Alabama Senate: Democrats Defend Their Turf Again
Another week, another competitive special election in Alabama. Last week, Democrats held an open seat on turf that leans Republican in presidential elections, but tends ...
Another week, another competitive special election in Alabama. Last week, Democrats held an open seat on turf that leans Republican in presidential elections, but tends to prefer Democrats in state politics. Can the party do it again today?
This open seat is in the 7th Senate District, where Parker Griffith departed when he was elected to the U.S. House of Representatives in November. The race sounds close, but Democrats are favored, according to the Huntsville Times:
Democrats and political analysts also say the race will come down to turnout. If state Rep. Laura Hall, the Democrat, can motivate her supporters to go to the polls, she'll likely go from the House to the Senate.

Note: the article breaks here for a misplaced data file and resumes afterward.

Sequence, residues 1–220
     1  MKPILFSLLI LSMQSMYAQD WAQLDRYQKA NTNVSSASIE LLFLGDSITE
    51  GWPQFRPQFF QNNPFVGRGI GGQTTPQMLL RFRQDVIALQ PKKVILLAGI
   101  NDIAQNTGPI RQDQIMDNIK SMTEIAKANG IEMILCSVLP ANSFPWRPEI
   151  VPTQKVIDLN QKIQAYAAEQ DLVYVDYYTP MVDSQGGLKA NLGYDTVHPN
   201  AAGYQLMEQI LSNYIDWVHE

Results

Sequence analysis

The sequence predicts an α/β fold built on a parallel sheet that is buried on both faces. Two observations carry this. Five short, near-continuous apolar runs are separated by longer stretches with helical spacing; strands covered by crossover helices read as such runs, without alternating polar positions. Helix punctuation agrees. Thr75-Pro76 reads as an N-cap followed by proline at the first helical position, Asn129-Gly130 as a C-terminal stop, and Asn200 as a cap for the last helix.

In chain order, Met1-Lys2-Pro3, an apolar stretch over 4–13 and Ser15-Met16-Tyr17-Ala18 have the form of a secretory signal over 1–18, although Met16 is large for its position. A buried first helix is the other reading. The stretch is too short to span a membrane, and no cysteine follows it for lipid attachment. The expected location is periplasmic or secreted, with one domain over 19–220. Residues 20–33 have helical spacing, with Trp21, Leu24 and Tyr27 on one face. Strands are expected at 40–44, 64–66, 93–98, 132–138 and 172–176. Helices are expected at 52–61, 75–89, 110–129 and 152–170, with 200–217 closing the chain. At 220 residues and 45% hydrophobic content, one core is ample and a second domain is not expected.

If not, the race will be a toss-up between her and Republican businessman Paul Sanford.
Doc's Political Parlor has more details:
I hear a little more optimism about the election among Democrats than I do among Republicans, though we know that turnout is the key for a special election. Republicans are saying that they did as well as or better than the Democrats in getting absentee ballots returned. I hear anecdotally that Democrats have 70 or 80 people up there now knocking on doors of residents, and they believe they are ahead in the ground game. On the other side, a Republican close to the campaign tells the Parlor that they knocked on over 1000 doors on Saturday alone, and that they have 20-30 people out today and tomorrow continuing to go door to door.
Rumors, rumors... If you are interested in rumors about polls, AEA supposedly has a poll showing Hall ahead. And there are rumors that a poll done for the GOP shows a statistical dead heat between the candidates.
One dynamic that makes this election worth watching: Hall is an African-American who stands a good chance of winning a seat that is not majority-minority.
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